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Local autobody and paint shop feels the virus pinch as 99% of revenues vanish, and turns to social media and car shows

PMG - A series checking in with businesses during the viral economic collapse of 2020

Nancy Le and her partner Anthony Lam are going through hard times.

Their Cully-based car body shop relied on fixing scratched and dinged rental cars from the nearby Portland International Airport. In March 2020, the coronavirus pandemic and the shutdown of business travel brought a swift end to that. As of mid-April, revenue has dropped by 99%.

PAMPLIN MEDIA GROUP: JONATHAN HOUSE  - Nancy Le and partner Anthony Lam, co owners of Professional Auto Body & Paint in Cully, in their spray booth. Le says business is down 99 percent since the lack of business travelers means they are not fixing dings and scratches on the rental cars from nearby PDX.

PDX estimates that passenger volumes are down approximately 92% to 94% compared to this time in 2019. And from March 2020 to March 2019, the airport saw revenue declines of more than 50% across many airport business measurables, including parking transactions, rental car operations, and concessions business. The decline in car rentals was probably closer to the 90% drop in air travelers.

So, the couple furloughed, then laid off their four full-time workers at Professional Auto Body & Paint. As owners, they have stopped taking a salary.

They usually work on new fleet cars, but on a recent afternoon, there was just one car in the paint shop, a Subaru SUV. The paint job was done, but it was awaiting a part.

Le has a business degree and now works at the front desk. She had done everything from greeting customers to managing the supply chain of parts to cleaning the bathrooms. However, Le now spends her hours at a stand-up desk on social media trying to keep the brand alive. In a time of people losing their jobs and driving less, there are fewer collisions and more people saving money by deferring car repairs.

PAMPLIN MEDIA GROUP: JONATHAN HOUSE  - A visibly upset Nancy Le co-owner of Professional Auto Body & Paint in Cully, as she talks about trying to keep the business alive with social media marketing during the viral economic collapse. She runs the front desk and the parts supply chain. The business normally fixes dings and scratches on the rental cars from nearby PDX.

Booth

The paint room which they built is empty. The hourly rate for a painter is between $15 and $19 an hour. For the first two weeks, he paid his staff to work on their cars. They were guaranteed 40 hours, but that had to end, and they were furloughed.

"We could sort of afford it, but it was eating into our savings," he says.

The departed staff's toolboxes are still in position, clean and tidy ready for a return of business one day.

"The coronavirus pinpoints the exact decline in business," Le told the Business Tribune. "I felt it the week of St. Patrick's Day. Avis and Budget rent a car, they said they're freezing their accounts. They are not sending any cars to repair for their fleet account."

She explained that the car rental companies might get a ding, but they hang on to a car to conserve cash. The thinking is, why pay to have it fixed when there is no demand for the car?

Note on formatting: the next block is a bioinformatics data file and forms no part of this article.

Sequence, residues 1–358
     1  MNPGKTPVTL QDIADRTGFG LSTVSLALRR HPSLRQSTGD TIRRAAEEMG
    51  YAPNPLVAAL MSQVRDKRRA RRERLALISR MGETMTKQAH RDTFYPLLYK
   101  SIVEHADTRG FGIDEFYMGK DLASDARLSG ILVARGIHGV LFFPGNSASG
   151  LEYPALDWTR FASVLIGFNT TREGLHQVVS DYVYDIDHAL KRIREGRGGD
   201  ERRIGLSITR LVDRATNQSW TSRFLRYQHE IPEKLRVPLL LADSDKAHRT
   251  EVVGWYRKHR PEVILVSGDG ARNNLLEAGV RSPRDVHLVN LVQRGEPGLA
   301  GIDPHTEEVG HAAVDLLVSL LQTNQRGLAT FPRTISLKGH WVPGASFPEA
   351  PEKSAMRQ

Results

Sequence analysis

Le says it would be fairer if they kept sending them cars to repair, as it will create a bottleneck when things pick up again.

PAMPLIN MEDIA GROUP: JONATHAN HOUSE  - Nancy Le co-owner of Professional Auto Body & Paint in Cully, talking outside her office. She is trying to keep the business alive with social media marketing during the viral economic collapse. The business normally fixes dings and scratches on the rental cars from nearby PDX.

No room to pivot

Body shops are considered essential businesses in Governor Kate Brown's stay-at-home decree, but that hasn't helped much. In March, their parts suppliers had already slowed down as they were having supply chain issues. They can also buy parts from dealerships or even retailers like O'Reilly and Auto Zone in a pinch. It depends on what the insurance company, which is footing the bill, approves. They have the right to prove aftermarket or OEM (Original Equipment Manufacturer) parts.

However, that wasn't the problem. The problem was the fleets drying up overnight.

She applied for a Prosper Portland small business relief grant but was declined. (There were more than 11,000 submissions and only 210 awards.) They are waiting to hear about a Small Business Administration loan.

"What is heart-wrenching is that we do not know how long it will take to process the loans and grants or if we will get approved," Le said.

Le was once inviting, but now she keeps the front door locked, only letting in those who say they are customers. Her small office is like an airtight bubble that she keeps scrupulously clean.

"I don't want random people coming in. I'm very protective of myself, my employees, and my office environment."

She has been calling the insurance companies to see if they want to sign up for a DRP program — a direct repair program facility. This is a contract, where, for example, a State Farm or a Liberty Mutual might agree to send their collision work to an independent body shop such as Professional Auto Body & Paint. The shop can't charge as much for the job, but it is one more source of income on top of the rental car companies.

PAMPLIN MEDIA GROUP: JONATHAN HOUSE  - The $12,000 'color camera' used for matching old paint to new in a respray job. Le and Lam invested heavily in the business, including a waiting room remodel and a new paint booth. They were all set for a relaunch when the 2020 economic collapse hit.

Indie versus franchise

One reason she has not done this before is that they are often pressured into using cheaper parts and providing a lower quality service. In contrast, the Professional Auto Body & Paint brand is about high-touch, high-quality service.

"Say, for example, we have a repair on a door. We think it's about four hours of work. They may be like, 'No, I think it's three.' If we can show them the work and take photos — I usually have my technician walk through them because they're the specialists — then they can negotiate with them. We believe in using OEM parts, original equipment manufacturer, but insurance has a right to choose aftermarket, recycled, reconditioned, refurbished, Chinese-Taiwan parts. Basically, I feel like they're like eBay parts, third-party. We don't want those parts, so I'll fight for them. But again, if an insurer approved them, I can't."

So, if the shop is only allowed to spend $100 on a bumper, but Le and her partner insist on using a $200 part that they trust, they will eat the difference to keep the customer happy.

She sees the company as a boutique shop, compared to franchises or MSO (multi-shop owner) shops such as Caliber Collision. "We always stayed independent because we believe in longevity and quality, and we want to provide a lifetime warranty to the vehicle. That's why we never really signed a contract with insurance companies. Just to give us leverage."